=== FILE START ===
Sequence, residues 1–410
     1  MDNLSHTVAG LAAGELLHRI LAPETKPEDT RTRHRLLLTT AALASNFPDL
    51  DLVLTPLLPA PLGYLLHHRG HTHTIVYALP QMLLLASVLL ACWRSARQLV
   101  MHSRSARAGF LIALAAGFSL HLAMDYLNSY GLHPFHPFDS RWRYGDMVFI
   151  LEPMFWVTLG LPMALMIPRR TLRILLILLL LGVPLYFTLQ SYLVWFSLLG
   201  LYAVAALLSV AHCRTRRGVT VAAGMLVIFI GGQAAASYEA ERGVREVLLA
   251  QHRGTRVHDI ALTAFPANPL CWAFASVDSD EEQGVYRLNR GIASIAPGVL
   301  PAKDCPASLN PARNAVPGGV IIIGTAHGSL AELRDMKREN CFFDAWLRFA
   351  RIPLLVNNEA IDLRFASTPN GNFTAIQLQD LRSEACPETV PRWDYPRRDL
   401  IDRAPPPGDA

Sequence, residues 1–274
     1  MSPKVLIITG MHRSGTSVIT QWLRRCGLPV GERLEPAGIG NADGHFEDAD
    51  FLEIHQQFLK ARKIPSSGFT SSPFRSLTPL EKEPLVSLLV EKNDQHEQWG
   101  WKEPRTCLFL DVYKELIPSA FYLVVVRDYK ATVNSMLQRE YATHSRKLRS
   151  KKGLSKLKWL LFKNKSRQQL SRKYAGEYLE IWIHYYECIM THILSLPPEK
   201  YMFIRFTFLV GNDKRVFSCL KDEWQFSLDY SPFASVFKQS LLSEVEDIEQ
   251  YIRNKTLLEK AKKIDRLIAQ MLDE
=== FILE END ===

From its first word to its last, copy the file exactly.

Sequence, residues 1–410
     1  MDNLSHTVAG LAAGELLHRI LAPETKPEDT RTRHRLLLTT AALASNFPDL
    51  DLVLTPLLPA PLGYLLHHRG HTHTIVYALP QMLLLASVLL ACWRSARQLV
   101  MHSRSARAGF LIALAAGFSL HLAMDYLNSY GLHPFHPFDS RWRYGDMVFI
   151  LEPMFWVTLG LPMALMIPRR TLRILLILLL LGVPLYFTLQ SYLVWFSLLG
   201  LYAVAALLSV AHCRTRRGVT VAAGMLVIFI GGQAAASYEA ERGVREVLLA
   251  QHRGTRVHDI ALTAFPANPL CWAFASVDSD EEQGVYRLNR GIASIAPGVL
   301  PAKDCPASLN PARNAVPGGV IIIGTAHGSL AELRDMKREN CFFDAWLRFA
   351  RIPLLVNNEA IDLRFASTPN GNFTAIQLQD LRSEACPETV PRWDYPRRDL
   401  IDRAPPPGDA

Sequence, residues 1–274
     1  MSPKVLIITG MHRSGTSVIT QWLRRCGLPV GERLEPAGIG NADGHFEDAD
    51  FLEIHQQFLK ARKIPSSGFT SSPFRSLTPL EKEPLVSLLV EKNDQHEQWG
   101  WKEPRTCLFL DVYKELIPSA FYLVVVRDYK ATVNSMLQRE YATHSRKLRS
   151  KKGLSKLKWL LFKNKSRQQL SRKYAGEYLE IWIHYYECIM THILSLPPEK
   201  YMFIRFTFLV GNDKRVFSCL KDEWQFSLDY SPFASVFKQS LLSEVEDIEQ
   251  YIRNKTLLEK AKKIDRLIAQ MLDE